I've been writing software for 40+ years at most every level and in dozens of different languages... and everything in this article is either things I learned the hard way decades ago, or have spent decades telling people.

The deadline part is one of the most jacked-up parts of the entire process in that clients these days have utterly unrealistic expectations... and I've been using that as a litmus test as to whether or not to even take on a client. If they balk at my time estimates, I don't even bother pursuing them further anymore.

One of the best ways to handle time estimates is to take a lesson from real engineering; specifically over-provisioning.

It's the #1 mistake I see people make, is saying how long it would REALLY take and/or should take, without any provision for if something goes wrong. Learn from Scotty!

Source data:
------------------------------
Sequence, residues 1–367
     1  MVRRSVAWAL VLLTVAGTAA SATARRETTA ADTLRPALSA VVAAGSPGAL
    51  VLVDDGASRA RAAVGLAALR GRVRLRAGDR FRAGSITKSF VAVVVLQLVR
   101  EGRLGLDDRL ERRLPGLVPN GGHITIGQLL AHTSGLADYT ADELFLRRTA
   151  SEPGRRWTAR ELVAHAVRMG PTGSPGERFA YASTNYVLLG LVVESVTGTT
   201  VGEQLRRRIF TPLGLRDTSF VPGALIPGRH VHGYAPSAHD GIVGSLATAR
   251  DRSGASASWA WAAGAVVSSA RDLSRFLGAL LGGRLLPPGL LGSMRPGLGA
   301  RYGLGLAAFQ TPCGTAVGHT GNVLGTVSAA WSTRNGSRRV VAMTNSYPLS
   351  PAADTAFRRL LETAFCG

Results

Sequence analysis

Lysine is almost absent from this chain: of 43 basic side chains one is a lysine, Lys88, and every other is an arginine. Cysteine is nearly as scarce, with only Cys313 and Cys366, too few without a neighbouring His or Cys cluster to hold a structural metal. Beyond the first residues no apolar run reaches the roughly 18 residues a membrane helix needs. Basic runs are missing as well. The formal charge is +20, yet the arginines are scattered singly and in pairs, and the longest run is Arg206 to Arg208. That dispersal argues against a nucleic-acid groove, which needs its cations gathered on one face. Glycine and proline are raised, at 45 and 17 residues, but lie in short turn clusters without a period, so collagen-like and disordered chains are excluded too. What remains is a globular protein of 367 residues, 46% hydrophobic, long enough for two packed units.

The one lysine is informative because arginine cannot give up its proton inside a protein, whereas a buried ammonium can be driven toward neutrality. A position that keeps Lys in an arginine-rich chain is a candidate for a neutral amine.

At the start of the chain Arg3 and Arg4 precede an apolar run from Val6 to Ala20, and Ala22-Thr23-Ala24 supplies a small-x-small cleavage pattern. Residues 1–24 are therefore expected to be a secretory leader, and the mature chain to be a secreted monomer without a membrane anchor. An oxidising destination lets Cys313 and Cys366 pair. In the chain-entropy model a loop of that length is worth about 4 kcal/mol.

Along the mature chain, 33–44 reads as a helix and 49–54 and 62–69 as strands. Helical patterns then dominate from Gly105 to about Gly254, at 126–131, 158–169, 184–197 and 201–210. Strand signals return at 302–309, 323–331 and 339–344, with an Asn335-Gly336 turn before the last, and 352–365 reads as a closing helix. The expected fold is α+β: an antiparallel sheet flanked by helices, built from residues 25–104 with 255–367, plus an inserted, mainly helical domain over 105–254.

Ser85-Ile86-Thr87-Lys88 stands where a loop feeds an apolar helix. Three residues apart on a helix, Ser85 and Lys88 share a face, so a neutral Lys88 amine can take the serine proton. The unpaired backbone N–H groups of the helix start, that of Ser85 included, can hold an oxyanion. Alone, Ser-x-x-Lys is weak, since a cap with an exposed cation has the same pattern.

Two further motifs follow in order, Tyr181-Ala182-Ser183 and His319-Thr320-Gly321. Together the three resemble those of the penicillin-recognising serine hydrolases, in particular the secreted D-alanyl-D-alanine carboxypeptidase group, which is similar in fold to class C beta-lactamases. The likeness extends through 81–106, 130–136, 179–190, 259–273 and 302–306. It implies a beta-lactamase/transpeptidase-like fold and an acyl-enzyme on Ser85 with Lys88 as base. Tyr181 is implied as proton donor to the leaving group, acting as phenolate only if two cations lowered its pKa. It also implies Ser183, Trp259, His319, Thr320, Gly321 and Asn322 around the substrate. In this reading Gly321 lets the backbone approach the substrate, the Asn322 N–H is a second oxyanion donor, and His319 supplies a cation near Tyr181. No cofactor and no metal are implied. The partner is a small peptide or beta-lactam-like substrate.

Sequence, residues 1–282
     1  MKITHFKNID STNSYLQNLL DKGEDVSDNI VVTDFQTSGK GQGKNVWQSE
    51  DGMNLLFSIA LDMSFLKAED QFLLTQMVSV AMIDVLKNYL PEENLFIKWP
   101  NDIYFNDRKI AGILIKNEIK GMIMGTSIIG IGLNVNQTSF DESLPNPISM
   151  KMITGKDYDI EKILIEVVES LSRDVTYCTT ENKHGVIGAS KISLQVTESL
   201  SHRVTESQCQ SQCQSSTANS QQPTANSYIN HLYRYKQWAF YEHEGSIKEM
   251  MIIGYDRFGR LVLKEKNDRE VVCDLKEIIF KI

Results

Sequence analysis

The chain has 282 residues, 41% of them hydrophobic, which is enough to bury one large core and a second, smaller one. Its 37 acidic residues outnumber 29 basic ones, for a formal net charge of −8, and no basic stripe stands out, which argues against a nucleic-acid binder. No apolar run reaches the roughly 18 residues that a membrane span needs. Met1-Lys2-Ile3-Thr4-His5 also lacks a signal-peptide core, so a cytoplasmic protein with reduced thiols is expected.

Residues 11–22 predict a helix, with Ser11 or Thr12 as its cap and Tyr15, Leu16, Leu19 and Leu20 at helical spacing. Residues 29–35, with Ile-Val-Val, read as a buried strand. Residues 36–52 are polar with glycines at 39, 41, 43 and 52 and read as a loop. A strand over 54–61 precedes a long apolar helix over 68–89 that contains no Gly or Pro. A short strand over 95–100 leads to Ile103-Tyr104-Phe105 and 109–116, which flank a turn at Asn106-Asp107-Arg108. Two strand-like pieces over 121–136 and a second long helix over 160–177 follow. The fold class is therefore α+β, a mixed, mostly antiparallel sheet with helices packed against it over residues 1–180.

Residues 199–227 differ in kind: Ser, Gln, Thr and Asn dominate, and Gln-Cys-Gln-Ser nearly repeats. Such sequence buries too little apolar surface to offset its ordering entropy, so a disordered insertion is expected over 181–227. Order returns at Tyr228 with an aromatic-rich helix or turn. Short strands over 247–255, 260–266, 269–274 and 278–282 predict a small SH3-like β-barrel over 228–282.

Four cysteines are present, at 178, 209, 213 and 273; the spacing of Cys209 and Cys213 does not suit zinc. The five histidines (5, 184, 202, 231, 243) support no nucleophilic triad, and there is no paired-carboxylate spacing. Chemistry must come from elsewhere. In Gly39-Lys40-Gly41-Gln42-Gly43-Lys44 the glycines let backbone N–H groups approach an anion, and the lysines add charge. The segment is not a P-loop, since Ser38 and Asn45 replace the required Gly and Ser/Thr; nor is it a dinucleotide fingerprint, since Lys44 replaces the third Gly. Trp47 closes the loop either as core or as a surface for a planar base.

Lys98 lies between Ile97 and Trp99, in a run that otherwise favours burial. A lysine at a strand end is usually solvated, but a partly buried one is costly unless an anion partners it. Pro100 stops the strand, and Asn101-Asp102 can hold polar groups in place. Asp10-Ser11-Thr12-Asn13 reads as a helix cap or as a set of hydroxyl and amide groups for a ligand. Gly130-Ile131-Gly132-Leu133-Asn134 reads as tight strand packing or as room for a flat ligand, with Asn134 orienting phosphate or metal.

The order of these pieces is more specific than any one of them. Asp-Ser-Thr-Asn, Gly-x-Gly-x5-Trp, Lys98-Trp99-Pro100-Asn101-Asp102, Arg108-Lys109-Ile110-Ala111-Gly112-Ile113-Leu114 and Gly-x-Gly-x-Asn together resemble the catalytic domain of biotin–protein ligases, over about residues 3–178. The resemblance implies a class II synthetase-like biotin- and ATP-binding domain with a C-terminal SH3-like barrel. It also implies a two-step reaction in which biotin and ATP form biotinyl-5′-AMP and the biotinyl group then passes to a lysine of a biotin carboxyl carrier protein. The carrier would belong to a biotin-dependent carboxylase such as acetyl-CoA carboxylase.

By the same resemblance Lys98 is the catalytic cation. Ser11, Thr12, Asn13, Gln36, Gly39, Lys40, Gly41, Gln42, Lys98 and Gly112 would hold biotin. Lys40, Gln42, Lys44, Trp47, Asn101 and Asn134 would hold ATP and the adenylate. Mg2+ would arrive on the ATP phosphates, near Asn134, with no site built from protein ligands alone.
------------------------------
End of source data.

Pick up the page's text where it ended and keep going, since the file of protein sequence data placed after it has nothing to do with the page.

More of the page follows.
Kirk: "Mr. Scott, are you always in the habit of doubling your time estimates?"

Scotty: "How else do you think I got my reputation as a miracle worker!"

I'd rather say something is going to take three weeks and deliver in two, than say two weeks and have it take 15 days. Even if you're only one day over, you look stupid. You overestimate the time allowing room for corrective action, you look like a pro every time.

"A good engineer is always a wee bit conservative, at least on paper." -- Scotty

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